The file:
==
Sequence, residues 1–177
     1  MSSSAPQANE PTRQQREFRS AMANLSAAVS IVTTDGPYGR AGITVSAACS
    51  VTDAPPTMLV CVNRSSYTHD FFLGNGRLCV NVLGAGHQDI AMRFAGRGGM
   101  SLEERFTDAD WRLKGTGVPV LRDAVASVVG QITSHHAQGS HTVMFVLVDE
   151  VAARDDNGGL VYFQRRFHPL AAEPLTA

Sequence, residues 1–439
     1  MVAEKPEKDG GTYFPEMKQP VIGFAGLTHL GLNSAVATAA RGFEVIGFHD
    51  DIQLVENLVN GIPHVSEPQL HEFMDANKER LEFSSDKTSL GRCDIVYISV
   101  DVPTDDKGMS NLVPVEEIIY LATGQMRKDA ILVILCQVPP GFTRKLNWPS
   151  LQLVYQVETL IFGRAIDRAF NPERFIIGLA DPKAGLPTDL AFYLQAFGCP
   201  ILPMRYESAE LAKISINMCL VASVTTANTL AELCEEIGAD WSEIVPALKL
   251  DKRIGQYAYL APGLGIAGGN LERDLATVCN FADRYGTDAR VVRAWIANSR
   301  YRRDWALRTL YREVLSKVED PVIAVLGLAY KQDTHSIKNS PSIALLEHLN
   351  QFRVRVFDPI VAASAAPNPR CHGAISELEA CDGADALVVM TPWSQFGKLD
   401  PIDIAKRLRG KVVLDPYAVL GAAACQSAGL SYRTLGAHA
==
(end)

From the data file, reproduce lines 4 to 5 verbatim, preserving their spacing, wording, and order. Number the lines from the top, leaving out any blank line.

   101  SLEERFTDAD WRLKGTGVPV LRDAVASVVG QITSHHAQGS HTVMFVLVDE
   151  VAARDDNGGL VYFQRRFHPL AAEPLTA